By Yasser Alaskary
Jan 30, 2008
Politicians and analysts interested in Iraq saw the passing of the Accountability and Justice Act, which largely reversed the more extreme elements of de-Baathification, as a sign of some positive progress, but most have failed to recognise the sea-change occuring in Iraq’s political landscape.
Since the handover of power in 2004, Iraq’s political arena has been divided across sectarian lines, with the Shia coalition at its centre, and a Kurdish and a Sunni coalitions. With the sustained improvement in security over the last few months, these divisions have largely melted away.
Fed up with the Shia coalition’s reluctance to cede more power to the regions, especially with regards to the power of provinces to sign oil deals, the Kurdish coalition, represented by their two leaders – President Jalal Talabani and Masoud Barazani – signed a pact with the Sunni Iraqi Islamic Party – the latter had decided it would be in favour of less power centred in Baghdad.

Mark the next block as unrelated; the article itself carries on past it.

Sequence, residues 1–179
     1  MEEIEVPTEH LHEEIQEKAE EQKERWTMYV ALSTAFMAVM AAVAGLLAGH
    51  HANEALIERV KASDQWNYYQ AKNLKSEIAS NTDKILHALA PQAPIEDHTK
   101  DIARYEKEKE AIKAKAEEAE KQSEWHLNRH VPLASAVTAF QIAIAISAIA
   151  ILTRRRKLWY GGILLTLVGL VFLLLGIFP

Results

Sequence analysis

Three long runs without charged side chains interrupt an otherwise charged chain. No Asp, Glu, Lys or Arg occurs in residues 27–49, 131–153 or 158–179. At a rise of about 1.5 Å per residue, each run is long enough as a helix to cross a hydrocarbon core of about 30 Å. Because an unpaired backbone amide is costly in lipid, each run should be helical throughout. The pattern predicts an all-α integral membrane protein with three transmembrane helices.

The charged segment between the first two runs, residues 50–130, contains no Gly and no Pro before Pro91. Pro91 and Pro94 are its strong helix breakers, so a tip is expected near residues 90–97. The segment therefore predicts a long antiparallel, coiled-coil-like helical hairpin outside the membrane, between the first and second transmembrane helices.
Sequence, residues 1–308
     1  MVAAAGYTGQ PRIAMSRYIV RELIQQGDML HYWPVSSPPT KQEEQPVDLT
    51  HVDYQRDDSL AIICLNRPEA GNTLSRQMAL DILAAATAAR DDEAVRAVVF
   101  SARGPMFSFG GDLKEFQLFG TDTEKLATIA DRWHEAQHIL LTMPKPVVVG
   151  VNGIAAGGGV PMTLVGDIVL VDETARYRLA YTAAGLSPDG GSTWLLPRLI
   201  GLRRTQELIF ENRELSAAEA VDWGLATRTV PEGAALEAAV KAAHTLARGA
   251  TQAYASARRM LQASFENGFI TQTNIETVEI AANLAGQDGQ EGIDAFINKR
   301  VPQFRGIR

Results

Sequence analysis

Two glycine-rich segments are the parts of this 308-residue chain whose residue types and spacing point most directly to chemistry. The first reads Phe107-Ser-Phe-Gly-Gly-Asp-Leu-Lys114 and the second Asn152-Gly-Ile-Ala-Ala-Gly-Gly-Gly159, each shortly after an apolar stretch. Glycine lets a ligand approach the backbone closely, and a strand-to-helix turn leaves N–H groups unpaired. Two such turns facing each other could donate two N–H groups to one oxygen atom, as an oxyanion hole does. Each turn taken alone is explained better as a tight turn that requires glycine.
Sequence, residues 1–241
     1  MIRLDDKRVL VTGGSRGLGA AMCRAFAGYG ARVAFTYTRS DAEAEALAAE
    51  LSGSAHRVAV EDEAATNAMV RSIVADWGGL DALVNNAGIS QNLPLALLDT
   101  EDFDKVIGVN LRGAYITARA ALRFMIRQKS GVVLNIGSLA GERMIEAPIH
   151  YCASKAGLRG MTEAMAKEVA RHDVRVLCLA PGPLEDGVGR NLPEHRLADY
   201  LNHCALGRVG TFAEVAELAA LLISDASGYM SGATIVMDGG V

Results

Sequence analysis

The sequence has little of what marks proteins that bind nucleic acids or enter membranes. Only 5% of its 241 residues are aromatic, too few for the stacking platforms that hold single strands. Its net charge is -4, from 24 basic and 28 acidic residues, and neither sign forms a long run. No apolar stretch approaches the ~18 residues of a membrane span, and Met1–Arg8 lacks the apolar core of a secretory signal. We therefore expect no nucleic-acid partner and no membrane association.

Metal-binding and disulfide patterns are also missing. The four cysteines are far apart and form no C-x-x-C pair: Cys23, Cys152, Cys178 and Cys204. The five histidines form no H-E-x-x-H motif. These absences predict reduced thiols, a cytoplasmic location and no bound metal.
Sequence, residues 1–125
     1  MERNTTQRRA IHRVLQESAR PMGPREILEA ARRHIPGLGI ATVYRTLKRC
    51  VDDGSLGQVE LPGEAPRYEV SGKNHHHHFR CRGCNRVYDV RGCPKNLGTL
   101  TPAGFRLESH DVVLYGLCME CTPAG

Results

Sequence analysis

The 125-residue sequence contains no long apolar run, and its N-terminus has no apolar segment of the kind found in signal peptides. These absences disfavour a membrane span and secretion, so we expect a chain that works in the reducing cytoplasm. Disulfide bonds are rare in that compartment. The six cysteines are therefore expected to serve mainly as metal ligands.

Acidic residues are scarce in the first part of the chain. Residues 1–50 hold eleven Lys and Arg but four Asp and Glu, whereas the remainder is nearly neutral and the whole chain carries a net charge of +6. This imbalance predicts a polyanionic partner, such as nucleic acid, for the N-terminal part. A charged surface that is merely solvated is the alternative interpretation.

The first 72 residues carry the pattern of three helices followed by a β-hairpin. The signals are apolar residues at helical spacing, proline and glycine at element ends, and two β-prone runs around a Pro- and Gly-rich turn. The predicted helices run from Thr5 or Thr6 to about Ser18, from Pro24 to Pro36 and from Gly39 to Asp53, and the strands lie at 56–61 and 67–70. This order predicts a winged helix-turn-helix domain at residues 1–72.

The Shia coalition, which had already fractured months ago, saw certain groups such as the Fadhila Party, which has long wanted greater power for Basra where many of its constituents are, quickly indicated its willingness to join the new coalition.
This has had the effect of pushing parties from the Sunni coalition, other than the Iraqi Islamic Party, closer to the Dawa-SIIC alliance which makes the backbone of the current government, and rejecting the pact signed by the Islamic Party.
It seems that Iraqi politics is gradually no longer being defined by sect, but more and more by a debate of where ultimate power should lie – in a federal Iraq with a strong central government or in a union with strong provincial governments and a weak centre.
Whatever the outcome, this development is surely more representative of national reconciliation than any “reconciliation” benchmarks.
News Analysis brought to you by the Iraqi Prospect Organisation – www.iprospect.org.uk
The Iraqi Prospect Organisation is an Iraqi-based network of young men and women promoting democratic values.
By Yasser Alaskary